• The Silent Generation (born between 1928 and 1945) makes up 11.8% of the US population. They represent 26% of total giving in the US. 88% of the Silent Generation give to charity, with an annual average of $1367 across 6.2 organizations. Their average household income is $41,508 with 86.7% of those over 75 being retired.The Silent Generation prefers voice calls and direct mail. They use text messaging, email, and social media much less frequently than younger generations.

Income level

The table below from the Tax Policy Center breaks down tax returns that claim charitable deductions by income group:

Some points that stand out include that those making less than $50,000 are the second-highest givers in terms of percentage of income, while those making between $100,000 and $500,000 donate the least as a percentage of income.

Location

Wallethub has created a ranking table of the “most charitable states,” factoring in both volunteering and charitable donations. It’s worth looking at more closely – for example, some states rank lower because they have much less volunteer time given than others, even if their charitable giving is up. California is an example, coming in at 39th overall by ranking 50th for volunteering, yet 8th for charitable giving.

Corporate Giving and Matching Gifts Fundraising Statistics

Corporate giving is usually motivated by both altruism and benefits to the company, including public image and tax benefits. Overall last year, corporate giving was down, in line with lower GDP and before-tax profits.

Last year, corporate giving was specifically bolstered by $405 million in contributions related to disaster relief. In terms of giving and matching, 79% of companies reported increased donor participation rates and 73% raised more money. 90% offered a matching gift program. Technology companies gave the highest proportion of matching-gift contributions as a percentage of total cash gifts at 17.3%.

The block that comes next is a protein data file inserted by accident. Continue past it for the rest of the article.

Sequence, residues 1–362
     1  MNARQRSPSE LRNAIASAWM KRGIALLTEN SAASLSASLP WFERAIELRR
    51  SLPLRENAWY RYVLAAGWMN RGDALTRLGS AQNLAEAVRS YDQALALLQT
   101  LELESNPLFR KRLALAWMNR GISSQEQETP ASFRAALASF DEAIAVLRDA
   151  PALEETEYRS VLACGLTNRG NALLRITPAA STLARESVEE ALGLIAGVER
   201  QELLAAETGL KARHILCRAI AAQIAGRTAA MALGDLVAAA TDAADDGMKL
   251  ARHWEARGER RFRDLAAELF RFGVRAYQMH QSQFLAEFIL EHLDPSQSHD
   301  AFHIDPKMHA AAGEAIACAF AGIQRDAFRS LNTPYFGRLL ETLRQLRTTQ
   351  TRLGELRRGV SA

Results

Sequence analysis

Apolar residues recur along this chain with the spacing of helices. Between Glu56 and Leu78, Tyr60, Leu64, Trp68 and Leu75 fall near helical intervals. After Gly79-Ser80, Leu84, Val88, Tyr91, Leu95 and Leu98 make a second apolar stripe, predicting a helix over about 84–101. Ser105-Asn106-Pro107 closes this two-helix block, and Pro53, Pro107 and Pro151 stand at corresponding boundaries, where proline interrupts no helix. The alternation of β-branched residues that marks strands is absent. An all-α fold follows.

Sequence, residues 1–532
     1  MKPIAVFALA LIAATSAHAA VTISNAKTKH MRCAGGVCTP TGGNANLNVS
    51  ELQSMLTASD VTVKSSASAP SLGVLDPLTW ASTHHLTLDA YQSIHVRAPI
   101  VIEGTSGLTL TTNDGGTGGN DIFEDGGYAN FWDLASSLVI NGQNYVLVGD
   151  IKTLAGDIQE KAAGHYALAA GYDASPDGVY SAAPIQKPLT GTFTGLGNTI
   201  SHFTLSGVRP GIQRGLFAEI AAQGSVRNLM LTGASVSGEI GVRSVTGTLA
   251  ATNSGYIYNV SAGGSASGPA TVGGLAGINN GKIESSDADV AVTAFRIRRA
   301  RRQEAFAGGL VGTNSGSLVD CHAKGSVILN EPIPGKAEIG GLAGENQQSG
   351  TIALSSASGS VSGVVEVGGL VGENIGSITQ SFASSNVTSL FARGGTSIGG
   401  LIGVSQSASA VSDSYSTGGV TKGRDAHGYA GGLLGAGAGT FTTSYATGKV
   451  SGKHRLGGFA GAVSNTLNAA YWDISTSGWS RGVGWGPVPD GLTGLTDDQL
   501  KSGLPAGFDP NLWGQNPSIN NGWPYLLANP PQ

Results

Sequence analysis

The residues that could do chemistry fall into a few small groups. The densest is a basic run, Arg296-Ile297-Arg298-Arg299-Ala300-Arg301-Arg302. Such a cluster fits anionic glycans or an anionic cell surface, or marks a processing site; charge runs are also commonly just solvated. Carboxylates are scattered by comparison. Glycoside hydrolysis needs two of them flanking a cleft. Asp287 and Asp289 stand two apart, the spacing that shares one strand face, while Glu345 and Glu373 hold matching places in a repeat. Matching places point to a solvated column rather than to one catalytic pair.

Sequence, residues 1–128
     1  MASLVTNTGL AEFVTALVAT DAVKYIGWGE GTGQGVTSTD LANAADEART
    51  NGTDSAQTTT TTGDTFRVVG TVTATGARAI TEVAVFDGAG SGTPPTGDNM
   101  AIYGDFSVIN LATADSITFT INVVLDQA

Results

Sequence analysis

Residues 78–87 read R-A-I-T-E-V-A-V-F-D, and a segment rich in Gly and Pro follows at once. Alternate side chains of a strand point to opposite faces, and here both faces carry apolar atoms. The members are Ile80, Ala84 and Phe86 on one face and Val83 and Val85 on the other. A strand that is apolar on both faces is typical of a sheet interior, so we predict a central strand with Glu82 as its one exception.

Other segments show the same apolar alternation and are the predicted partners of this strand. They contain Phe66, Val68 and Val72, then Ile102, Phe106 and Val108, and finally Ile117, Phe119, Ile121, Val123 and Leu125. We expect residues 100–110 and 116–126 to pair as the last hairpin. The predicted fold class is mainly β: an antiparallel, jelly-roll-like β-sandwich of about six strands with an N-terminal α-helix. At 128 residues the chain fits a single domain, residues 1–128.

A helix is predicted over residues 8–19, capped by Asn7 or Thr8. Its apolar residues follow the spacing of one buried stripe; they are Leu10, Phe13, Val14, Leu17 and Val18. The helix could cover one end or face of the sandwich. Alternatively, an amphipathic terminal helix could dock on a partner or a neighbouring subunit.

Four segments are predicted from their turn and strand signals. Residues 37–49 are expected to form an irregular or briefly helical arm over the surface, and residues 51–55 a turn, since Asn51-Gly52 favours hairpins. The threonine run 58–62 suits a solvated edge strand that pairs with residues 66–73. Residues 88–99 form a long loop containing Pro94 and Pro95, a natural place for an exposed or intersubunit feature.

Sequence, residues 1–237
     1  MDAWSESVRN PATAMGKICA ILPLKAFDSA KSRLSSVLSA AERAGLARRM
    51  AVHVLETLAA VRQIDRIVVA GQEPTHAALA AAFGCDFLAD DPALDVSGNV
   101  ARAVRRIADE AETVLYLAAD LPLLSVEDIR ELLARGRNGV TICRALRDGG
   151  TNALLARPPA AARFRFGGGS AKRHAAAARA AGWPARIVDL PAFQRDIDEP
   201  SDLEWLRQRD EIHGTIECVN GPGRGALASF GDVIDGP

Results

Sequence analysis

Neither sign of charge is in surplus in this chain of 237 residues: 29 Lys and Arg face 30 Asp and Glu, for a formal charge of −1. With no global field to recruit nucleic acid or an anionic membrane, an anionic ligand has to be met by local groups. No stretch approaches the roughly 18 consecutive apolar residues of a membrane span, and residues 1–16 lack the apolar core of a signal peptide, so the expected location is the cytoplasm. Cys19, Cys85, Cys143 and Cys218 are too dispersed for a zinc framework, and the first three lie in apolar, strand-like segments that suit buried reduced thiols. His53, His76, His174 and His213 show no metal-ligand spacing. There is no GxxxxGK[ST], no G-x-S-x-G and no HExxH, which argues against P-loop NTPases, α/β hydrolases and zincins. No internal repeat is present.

Corporate giving is most likely to focus on nonprofits that operate where they are located, particularly if they support improving the quality of life there. They also support causes that their own employees favor with their volunteer time and charitable giving.

Corporations tend to look for charitable partners that enhance their brand, with 90% indicating they believe partnering will improve their image. Another known benefit for corporations is that making charitable contributions is something employees overwhelmingly want. Employees who engage with the corporate giving program tend to have 75% longer tenure with the company.

Education/School-Based Fundraising Statistics

According to the Blackbaud Institute, both higher education and K-12 education fare well in online giving, up by 13.6% and 11.7% respectively. Higher education has been enjoying a three-year rolling trend of a 58.6% increase in overall donations.  A table summarizing online giving is shown below:

Overall, giving to education as a broad category is estimated to have increased by 9%, which includes K-12, higher education, and libraries. $71 billion went to this category as a whole.

Religious/Faith-Based Fundraising Statistics

Giving to religious or faith-based organizations grew by 1% between 2019 and 2020. When adjusted for inflation, this shows a flattening trend for giving within this category. The total contributions were $131.08 billion.

In terms of church giving, only 3-5% of Americans who give to churches do so by regular tithing. 17% of American families have reduced the amount they give to local churches, while 37% of regular church attendees don’t give money to the church.

In terms of overall religious giving, Jewish people give the most, averaging $2526 annually. This is followed by Protestants on $1749, Muslims on $1178, and Catholics on $1142. Jewish and Muslim donors were more likely to donate to social and human rights organizations. Christian donation choices tend to vary by denomination.

Meanwhile, 75% of people who don’t go to church make donations to nonprofit organizations.

The power of data for better fundraising campaigns

Understanding fundraising statistics is a powerful strategy for improving the overall success of your fundraising campaigns. Data analysis helps you to identify key donor groups and target your campaigns to appeal to them.

iWave has solutions to cater to all the key trends in the market, from leveraging affinity, to allowing you to get more information not only on individuals, but foundations and corporations, too. Use our fundraising intelligence platform to score potential donors and find the most likely people to approach.

You can request your free demo of iWave here.